Teeth whitening is an extremely popular non-invasive cosmetic procedure because to possess a perfect white smile is extremely desirable in today’s society. As people get older, their teeth become darker as the mineral structure of the tooth alters, while the consumption of drink, food and tobacco can also stain teeth. Teeth whitening offers a possible solution to this problem.
Laser teeth whitening, sometimes referred to as ‘power whitening,’ is one way to address the problem of tooth discoloration. It has been growing in popularity in recent years, due to the fact it works quickly and safely, causing no damage to the structure of an individual’s teeth or gums. Laser teeth whitening cannot be performed at home, and requires the services of a dentist who will assess whether this particular method of teeth whitening is appropriate.
The procedure itself involves placing a rubber dam in the patient’s mouth to protect their gums, and then applying a bleaching gel with a neutral pH level to the teeth. The gel is then exposed to a laser which activates the mineral accelerant contained within it. The whitening gel is transformed into oxygen which covers the enamel of the teeth allowing the whitening gel to penetrate the lower levels of the tooth in order to create whiter teeth. Laser whitening can make teeth up to five or six shades lighter. Essentially, the laser helps to speed up the whitening process as a result of its interaction with the whitening gel, and the procedure generally takes an hour to perform.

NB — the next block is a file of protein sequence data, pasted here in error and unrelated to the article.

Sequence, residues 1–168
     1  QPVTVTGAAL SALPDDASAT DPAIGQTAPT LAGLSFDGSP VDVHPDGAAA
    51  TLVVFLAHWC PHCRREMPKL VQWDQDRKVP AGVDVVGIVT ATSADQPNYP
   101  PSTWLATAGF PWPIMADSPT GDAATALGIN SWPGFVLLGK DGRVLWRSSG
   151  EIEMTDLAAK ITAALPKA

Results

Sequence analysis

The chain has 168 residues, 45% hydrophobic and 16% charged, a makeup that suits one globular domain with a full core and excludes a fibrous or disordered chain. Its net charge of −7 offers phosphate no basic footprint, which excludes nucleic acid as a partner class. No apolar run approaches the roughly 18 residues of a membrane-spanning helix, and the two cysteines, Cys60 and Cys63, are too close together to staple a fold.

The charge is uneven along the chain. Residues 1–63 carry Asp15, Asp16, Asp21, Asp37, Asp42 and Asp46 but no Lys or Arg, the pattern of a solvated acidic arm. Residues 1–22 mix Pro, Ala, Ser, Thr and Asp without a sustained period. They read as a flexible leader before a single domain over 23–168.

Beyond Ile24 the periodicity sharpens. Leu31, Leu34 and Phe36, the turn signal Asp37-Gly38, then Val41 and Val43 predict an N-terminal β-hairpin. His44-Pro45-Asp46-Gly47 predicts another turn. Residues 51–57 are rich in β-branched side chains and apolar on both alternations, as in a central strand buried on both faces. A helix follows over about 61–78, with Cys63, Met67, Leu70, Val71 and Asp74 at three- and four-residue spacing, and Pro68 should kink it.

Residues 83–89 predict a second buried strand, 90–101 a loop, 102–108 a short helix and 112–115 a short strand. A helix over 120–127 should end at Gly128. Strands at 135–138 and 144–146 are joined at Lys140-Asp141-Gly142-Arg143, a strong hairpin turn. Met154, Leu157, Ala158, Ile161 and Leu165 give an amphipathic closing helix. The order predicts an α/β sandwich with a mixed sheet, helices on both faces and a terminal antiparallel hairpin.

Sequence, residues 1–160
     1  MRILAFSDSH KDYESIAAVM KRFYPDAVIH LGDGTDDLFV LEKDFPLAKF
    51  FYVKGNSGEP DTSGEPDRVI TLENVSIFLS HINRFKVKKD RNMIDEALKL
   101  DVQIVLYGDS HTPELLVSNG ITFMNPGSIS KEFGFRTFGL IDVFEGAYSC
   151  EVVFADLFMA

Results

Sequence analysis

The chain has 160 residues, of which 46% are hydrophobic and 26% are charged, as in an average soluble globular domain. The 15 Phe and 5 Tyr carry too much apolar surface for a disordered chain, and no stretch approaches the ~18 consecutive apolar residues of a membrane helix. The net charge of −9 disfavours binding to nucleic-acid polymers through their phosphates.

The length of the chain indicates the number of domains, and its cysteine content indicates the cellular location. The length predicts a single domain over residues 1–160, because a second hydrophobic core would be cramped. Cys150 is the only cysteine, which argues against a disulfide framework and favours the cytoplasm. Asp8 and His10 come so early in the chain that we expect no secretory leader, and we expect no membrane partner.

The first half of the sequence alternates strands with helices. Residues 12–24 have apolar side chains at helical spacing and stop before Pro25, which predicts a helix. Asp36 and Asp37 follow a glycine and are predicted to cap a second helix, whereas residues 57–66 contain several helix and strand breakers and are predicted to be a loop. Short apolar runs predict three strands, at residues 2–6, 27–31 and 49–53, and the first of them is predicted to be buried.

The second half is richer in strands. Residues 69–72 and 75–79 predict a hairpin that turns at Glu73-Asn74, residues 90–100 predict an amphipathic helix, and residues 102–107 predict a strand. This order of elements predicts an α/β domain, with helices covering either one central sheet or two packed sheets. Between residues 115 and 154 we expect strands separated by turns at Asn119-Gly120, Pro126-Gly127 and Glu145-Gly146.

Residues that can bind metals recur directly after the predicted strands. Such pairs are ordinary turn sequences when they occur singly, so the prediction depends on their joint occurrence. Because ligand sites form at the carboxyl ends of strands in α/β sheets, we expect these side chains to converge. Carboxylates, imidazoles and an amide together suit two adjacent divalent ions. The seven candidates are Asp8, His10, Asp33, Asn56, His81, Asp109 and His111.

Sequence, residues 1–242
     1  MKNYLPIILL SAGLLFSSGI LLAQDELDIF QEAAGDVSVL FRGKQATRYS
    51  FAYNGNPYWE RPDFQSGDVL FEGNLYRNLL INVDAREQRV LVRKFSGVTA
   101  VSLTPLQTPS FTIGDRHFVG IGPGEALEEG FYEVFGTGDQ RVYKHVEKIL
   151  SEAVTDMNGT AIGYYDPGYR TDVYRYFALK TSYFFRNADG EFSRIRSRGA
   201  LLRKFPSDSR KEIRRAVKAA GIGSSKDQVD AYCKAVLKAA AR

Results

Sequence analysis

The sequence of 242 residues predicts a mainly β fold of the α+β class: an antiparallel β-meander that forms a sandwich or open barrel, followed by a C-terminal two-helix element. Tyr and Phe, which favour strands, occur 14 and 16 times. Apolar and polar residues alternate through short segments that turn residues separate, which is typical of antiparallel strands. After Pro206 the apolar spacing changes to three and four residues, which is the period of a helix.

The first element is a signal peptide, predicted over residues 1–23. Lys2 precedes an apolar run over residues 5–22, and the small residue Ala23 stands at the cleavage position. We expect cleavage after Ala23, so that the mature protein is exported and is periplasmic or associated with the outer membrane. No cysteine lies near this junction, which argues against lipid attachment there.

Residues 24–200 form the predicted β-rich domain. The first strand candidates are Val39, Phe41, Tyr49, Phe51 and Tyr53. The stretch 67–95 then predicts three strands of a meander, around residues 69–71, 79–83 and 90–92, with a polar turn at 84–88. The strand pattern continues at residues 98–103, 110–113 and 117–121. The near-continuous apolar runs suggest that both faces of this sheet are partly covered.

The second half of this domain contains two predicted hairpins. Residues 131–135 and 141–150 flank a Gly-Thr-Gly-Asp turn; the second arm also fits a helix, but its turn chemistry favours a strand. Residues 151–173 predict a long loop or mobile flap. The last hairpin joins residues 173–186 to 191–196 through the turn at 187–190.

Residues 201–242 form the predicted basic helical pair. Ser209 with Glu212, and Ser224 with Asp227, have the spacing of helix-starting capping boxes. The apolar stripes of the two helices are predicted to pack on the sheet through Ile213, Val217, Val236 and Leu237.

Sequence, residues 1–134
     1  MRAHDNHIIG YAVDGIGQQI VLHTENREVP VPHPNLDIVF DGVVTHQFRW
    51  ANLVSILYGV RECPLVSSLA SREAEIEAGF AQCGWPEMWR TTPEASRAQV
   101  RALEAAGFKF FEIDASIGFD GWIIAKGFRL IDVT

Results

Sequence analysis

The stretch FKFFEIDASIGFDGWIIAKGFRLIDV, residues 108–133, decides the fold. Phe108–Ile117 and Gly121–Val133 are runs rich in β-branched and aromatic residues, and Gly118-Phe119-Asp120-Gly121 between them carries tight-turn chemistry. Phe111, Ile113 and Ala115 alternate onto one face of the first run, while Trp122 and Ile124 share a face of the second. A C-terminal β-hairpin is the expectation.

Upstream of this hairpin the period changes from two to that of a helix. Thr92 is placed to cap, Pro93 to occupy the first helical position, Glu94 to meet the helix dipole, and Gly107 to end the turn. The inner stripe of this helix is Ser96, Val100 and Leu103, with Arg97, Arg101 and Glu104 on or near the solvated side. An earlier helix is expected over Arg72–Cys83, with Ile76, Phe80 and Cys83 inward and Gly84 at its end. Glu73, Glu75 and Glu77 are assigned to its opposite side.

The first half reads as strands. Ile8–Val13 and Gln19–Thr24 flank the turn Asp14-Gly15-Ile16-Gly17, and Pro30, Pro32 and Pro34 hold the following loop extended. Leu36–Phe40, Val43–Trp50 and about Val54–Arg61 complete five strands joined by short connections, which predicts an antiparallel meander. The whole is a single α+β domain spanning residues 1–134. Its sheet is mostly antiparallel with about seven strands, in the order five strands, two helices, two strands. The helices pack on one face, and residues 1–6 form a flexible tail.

The main advantage of laser teeth whitening is that even though it takes only an hour for the procedure to be completed the effects are immediately noticeable. There is also the benefit of having a dentist, someone who ought to know what they are doing and know what is best for their patient, carry out the procedure. However, having a dentist involved requires money and may not be the cheapest option in terms of teeth whitening products and procedures. Laser teeth whitening may also not be suitable for everyone, particularly if they have sensitive teeth and gums, receding gums, or other significant problems with their teeth, or if they are under the age of 16 or pregnant.
People may also discover that the procedure leaves their teeth whiter than they had anticipated, although this may not be a problem because laser teeth whitening is not permanent. Consequently, stains may return requiring further laser treatments to be carried out, which can become increasingly expensive. The immediate whitening effect of laser teeth whitening, however, is unquestionable.